Mt Pleasant News

Wash Journal   Fairfield Ledger
Neighbors Growing Together | Nov 18, 2017

Parson to Person: Jesus as a farmer

By HERB SHAFER, senior pastor, First United Methodist Church, Mt. Pleasant | Apr 12, 2013

If Jesus hadn’t been a carpenter he could well have been an Iowa farmer. Agricultural themes appear throughout his teachings in the Gospels. There was a time, of course, when most people were engaged in agriculture. Even town folks at least had a garden. My “call” to ministry was shaped during long and solitary hours plowing corn from the seat of a Case D-C tractor. Not a few Christians have had experiences of God in the out of doors. Let me share with you today some thoughts that originate with Jesus the “farmer.”

“A farmer went out to sow his seed. As he was scattering the seed, some fell along the path, and the birds came and ate it up.... Still other seed fell on good soil, where it produced a crop — a hundred, sixty or thirty times what was sown” (Matthew 13: 3-9).

Each spring I marvel at the amount of faith it takes to be a farmer, investing vast amount of cash to put seed into the ground. Though past performance is of course a predictor, there is no garantee about the year’s return. Rain was the big variable in 2012, with yields being all across the board, just as Jesus described in this parable. Whether planting seed or some other investment in life, it is a gamble. Never the less, it is good to remember that planting nothing is the only is the only decision with a garanteed result.

“The kingdom of Heaven is like a mustard seed, which a man took and planted in his field. Though it is the smallest of all your seeds, yet when it grows, it is the largest of garden plants and becomes a tree, so that the birds of the air come and perch in its branches” (Matthew 13: 31-32).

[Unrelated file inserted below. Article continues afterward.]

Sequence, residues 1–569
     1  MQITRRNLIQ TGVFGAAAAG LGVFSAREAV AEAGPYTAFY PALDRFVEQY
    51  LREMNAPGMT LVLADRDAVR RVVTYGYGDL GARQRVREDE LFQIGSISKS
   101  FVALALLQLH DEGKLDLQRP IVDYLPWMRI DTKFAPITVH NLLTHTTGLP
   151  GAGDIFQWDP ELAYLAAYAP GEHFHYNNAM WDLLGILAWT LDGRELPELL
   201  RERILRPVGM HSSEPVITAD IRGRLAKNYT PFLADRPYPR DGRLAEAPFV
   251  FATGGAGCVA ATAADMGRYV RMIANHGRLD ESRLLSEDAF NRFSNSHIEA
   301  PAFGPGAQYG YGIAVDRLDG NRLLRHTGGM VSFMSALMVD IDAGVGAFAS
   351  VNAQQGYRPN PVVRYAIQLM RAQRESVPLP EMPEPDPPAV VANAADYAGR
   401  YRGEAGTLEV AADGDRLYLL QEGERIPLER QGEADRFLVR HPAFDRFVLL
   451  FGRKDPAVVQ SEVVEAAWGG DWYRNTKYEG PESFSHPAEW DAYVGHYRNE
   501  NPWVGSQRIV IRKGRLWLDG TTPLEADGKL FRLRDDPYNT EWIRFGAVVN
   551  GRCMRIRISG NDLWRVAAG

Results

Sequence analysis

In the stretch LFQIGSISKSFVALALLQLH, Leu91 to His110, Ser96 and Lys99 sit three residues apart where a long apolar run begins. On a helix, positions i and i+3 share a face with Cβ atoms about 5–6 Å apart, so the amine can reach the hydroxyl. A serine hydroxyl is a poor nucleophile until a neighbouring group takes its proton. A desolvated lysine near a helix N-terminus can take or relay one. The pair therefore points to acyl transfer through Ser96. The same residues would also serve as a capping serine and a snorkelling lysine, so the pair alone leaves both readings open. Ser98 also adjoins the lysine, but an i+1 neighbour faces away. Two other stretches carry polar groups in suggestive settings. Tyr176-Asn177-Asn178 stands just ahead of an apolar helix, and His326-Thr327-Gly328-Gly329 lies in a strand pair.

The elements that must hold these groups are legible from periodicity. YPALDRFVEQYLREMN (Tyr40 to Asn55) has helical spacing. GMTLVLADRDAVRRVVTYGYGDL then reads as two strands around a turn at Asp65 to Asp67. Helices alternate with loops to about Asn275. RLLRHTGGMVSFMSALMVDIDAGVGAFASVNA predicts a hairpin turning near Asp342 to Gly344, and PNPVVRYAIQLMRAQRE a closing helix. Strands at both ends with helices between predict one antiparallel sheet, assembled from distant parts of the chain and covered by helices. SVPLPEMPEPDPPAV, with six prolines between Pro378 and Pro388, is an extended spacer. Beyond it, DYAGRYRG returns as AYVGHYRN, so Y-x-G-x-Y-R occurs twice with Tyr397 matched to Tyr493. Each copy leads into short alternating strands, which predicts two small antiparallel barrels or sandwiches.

A mustard seed isn’t the world’s smallest seed and we don’t intentionally plant it around here. But wild mustard is a common plant to see along Iowa road ditches. It is a pretty hardy plant with a substantial tap root which would make it hard to weed out if you happened to want it out of your field. Jesus’ point is that a little goes a long way in this business of faith. A little faith in our big God, over time is assured to grow into a sturdy faith, big enough to support you when you need it the most.

“This is what the kindom of Heaven is like. A man scatters seed on the ground. Night and day, whether he sleeps or gets up, the seed sprouts and grows, though he does not know how. All by itself the soil produces grain - first the stalk, then the head, then the full kernel in the head. As soon as the grain is ripe, he puts the sickle to it, because the harvest has come” (Mark 4: 26-39).

Planting and harvesting are a kind of spiritual experience in that there is a part of the process over which we have no control. To participate in these things, be it a child sprinkling lettuce seed in a garden row or a farmer aided by his GPS planting a thousand acres of corn, those who plant are participants in the mystery of the life-giving nature of God.

In the breadbasket of the world, we are blessed to be firsthand witnesses to God’s plan to again and again create that which is good. And we are blessed by the regularity of a harvest which is generally better than we had dared hope.

Farmer or not, these lessons of Jesus are easy to apply every day: If you want to get something out of life first invest in it. We all need faith but it’s not how big our faith is that counts but how reliable God is to grow our faith. And we are never to old to be awed by the wonders of a wonderous God.

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